The net is boiling and the sentence against The Pirate Bay has raised the temperature. Online civic mobilisation is bubbling throughout Europe, regarding the possible amendments to the EU Telecoms Reform Package which can guarantee better rights for everyday users, in the face of increasing commercialisation, segmentation and regulation. As the political mobilisation regarding all this has swelled very rapidly over the last months, in Sweden it has recently been suggested that this online civil movement is beginning to reach some predictable states, where self-appointed spokesmen and pre-written party manifestos appear. This is a translation of my response to those suspicions, recently published on the Swedish debate site Newsmill.se.

Something is in the air. Spring is blooming, online as well as offline. However, the roots of today’s online political mobilisation are arguably found in the digital revolution of 1999 rather than in the political turning point that was 1968.

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The people who wouldn’t allow endlessly molecular slippage

In file-sharing, media ecology, philosophy, politics, post-piratical, Sweden on March 20, 2009 at 5:20 pm

In Sweden, we seem to prefer even the most nebulous, awesomely vast and non-overseeable phenomenon to be formulated in terms that carry at least a modicum of solidarity and national-corporatist coherence.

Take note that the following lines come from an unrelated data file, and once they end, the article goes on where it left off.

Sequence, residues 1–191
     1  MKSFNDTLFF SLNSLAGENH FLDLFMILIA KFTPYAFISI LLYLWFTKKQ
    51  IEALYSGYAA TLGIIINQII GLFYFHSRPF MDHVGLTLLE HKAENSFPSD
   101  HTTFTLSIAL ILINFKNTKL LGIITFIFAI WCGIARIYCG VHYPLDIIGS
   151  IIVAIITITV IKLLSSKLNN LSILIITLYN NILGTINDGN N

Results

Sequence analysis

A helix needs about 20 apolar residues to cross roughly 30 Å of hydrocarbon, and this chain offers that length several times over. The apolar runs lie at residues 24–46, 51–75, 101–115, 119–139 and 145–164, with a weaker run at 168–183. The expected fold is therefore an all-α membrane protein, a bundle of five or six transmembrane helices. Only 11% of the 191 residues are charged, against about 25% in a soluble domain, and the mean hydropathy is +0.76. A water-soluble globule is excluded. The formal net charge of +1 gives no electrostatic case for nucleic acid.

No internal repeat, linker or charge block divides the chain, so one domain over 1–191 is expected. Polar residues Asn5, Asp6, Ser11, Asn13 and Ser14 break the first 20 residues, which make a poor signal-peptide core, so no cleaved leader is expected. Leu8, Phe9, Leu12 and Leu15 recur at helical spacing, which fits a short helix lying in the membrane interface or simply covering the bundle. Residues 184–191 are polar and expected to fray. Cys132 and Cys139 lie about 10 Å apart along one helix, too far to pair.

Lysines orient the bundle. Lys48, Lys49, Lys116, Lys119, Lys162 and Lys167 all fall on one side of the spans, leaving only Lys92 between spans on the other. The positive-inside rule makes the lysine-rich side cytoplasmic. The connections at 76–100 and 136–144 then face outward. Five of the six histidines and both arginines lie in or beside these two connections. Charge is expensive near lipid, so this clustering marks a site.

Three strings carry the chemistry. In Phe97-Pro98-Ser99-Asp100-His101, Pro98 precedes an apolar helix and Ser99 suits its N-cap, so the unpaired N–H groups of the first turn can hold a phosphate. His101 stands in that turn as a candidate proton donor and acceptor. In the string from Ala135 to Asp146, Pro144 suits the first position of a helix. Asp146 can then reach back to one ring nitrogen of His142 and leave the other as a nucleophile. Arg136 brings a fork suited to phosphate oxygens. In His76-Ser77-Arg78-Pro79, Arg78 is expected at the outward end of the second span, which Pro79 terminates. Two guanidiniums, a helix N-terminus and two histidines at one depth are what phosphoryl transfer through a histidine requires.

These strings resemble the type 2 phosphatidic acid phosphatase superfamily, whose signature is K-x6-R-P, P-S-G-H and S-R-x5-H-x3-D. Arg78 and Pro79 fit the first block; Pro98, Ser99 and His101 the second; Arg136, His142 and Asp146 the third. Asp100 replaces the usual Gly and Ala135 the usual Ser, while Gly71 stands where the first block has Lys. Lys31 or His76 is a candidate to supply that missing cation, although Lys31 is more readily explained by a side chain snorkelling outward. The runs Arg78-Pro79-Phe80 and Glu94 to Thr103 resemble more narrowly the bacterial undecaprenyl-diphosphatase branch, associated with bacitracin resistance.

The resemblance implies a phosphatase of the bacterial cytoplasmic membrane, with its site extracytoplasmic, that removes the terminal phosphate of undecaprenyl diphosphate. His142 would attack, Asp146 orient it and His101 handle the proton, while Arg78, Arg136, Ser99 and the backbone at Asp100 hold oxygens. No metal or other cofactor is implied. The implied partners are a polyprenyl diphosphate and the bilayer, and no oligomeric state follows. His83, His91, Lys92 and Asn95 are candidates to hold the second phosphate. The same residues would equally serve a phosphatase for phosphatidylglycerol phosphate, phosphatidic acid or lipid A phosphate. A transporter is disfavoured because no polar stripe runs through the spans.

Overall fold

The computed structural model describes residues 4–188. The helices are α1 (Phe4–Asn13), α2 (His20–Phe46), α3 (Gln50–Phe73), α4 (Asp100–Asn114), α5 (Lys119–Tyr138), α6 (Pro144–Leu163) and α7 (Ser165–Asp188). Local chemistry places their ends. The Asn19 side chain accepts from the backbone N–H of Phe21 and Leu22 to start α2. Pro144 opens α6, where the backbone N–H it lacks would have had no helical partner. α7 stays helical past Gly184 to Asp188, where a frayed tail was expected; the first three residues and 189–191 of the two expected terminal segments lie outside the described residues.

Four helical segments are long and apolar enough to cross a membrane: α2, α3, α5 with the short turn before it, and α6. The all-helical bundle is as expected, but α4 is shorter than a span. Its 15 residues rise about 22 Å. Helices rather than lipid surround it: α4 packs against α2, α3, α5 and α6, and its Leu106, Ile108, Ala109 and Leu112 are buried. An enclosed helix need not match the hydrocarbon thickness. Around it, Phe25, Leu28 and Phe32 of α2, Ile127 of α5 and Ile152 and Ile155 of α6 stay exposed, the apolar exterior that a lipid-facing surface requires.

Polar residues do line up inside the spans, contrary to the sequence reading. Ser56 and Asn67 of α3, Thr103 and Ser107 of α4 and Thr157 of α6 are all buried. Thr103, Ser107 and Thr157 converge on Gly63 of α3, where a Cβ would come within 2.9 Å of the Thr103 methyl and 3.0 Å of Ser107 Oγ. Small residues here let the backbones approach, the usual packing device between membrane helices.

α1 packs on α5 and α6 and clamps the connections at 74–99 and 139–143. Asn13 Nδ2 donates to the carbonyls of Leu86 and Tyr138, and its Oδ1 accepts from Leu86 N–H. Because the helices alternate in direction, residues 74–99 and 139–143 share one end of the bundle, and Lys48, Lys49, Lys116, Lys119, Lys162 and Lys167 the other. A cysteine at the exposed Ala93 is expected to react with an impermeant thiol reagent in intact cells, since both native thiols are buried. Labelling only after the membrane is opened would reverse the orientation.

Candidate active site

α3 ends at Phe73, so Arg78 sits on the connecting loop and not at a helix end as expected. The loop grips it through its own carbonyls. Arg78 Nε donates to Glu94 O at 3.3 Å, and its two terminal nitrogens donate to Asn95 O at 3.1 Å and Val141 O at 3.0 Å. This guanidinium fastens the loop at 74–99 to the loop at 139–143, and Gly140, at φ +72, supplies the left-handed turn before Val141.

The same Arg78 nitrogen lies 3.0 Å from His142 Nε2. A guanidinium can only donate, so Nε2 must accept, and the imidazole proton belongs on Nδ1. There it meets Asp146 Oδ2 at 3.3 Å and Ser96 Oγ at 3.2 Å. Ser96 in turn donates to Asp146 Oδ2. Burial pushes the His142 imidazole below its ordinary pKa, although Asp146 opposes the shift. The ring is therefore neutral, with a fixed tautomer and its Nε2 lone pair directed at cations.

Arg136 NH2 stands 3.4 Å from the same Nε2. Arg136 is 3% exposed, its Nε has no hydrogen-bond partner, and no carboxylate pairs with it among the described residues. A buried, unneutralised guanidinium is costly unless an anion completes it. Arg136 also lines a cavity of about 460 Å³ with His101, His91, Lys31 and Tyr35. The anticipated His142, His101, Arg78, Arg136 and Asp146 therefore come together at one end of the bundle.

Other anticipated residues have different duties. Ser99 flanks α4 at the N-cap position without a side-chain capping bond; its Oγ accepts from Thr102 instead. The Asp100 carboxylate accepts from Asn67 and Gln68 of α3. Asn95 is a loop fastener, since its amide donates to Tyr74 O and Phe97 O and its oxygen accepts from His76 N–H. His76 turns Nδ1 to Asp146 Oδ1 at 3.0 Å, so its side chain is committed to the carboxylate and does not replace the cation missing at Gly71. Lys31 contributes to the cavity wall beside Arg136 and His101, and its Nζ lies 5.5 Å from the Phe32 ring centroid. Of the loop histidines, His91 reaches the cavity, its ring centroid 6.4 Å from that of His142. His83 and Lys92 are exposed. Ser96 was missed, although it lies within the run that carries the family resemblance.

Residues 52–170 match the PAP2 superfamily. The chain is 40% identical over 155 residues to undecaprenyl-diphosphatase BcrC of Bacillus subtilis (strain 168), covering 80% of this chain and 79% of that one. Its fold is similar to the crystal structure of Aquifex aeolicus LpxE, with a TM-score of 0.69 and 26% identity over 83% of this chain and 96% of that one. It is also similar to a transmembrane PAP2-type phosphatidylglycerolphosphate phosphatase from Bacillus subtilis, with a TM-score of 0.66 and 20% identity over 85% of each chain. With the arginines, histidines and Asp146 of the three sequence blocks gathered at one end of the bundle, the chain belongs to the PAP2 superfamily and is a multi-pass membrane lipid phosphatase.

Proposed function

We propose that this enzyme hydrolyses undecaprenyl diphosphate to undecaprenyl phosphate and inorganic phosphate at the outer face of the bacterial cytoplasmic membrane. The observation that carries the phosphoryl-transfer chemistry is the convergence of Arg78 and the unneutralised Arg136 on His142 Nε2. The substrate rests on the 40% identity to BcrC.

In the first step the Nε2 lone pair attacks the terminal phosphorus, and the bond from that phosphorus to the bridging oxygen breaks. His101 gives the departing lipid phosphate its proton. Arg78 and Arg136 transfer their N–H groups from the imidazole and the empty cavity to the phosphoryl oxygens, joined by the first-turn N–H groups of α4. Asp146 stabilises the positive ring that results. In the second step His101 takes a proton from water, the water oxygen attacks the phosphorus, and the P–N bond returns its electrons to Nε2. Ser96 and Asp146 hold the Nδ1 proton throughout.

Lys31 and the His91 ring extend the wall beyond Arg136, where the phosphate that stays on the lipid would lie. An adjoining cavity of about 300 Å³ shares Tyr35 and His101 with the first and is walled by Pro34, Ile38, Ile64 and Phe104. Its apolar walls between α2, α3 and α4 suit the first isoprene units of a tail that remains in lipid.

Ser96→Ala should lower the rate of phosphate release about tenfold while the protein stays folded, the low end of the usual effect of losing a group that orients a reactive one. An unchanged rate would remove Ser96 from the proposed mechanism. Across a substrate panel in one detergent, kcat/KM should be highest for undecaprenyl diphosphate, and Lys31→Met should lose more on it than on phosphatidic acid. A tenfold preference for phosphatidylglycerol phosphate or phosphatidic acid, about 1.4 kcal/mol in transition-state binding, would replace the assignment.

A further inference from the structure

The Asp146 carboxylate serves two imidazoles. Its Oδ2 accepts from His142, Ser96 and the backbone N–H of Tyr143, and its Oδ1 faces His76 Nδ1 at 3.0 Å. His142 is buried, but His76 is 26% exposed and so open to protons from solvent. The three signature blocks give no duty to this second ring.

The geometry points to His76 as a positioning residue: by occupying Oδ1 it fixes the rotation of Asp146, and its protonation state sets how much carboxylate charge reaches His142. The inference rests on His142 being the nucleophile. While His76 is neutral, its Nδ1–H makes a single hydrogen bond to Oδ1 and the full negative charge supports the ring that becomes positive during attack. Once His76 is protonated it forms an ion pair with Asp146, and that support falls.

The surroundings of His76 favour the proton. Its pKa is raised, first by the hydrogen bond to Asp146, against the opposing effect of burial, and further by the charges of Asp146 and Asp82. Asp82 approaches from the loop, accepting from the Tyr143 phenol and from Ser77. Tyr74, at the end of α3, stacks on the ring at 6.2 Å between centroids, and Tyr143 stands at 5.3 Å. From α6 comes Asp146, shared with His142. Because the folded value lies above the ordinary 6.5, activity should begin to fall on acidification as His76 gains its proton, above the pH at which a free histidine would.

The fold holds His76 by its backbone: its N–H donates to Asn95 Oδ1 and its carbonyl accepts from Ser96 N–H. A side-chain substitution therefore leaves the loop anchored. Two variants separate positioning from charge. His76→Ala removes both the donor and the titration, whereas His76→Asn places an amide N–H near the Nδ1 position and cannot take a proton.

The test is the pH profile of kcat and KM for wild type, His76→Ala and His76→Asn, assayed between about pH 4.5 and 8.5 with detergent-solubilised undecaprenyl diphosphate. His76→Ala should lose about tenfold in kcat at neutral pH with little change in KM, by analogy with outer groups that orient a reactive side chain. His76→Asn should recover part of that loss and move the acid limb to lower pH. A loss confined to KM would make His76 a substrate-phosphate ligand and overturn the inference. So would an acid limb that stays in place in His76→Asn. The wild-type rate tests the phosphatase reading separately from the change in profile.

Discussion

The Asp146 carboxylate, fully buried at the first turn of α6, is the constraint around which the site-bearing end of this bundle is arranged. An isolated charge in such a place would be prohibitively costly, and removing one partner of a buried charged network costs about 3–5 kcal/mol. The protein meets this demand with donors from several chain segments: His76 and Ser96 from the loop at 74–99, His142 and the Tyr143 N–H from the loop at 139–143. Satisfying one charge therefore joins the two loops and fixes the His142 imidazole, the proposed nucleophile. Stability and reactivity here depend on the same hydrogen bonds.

The state battles file-sharing using corporatist measures, but ironically the file-sharing world itself – as a product of the same society, the same morality and concept of liberty – is also construed in corporatist terms (albeit of a slightly different flavour than the strong-arm authoritarian state corporatism that the EU currently favours towards all things digital). But this is perhaps also what gives the Swedish file-sharing phenomenon its potency; pirates, warts and all.

Here follows some more excerpts/cut-outs from my thesis…

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To speak for one’s own network

In file-sharing, media ecology, philosophy, politics, post-piratical, Sweden on March 4, 2009 at 5:10 pm

The first Pirate Bay trial is over (the verdict is due to be announced on April the 17th, and I write “first” as it will probably be followed by appeals upon appeals).
A new decade is upon us. This comes to mark what I, and many people with me, would argue is the “post-piratical” era
.

The files have already been uploaded. A jurisdictional bulwark (IPRED; ACTA; FRA; data retention) has been raised throughout Europe, to allegedly deal with the nastier sides of unrestricted file-sharing – while the everday, small-scale sharing of perfectly normal individuals continues and seems to do so for the unforeseeable future, and while even bigger, more institutionalised actors like The Pirate Bay seem slippery to blame and to admonish. This, since the entire phenomenon appears to be distinguished by an agency that is so fractured and distributed, that no one actor can be said to bear the only responsibility.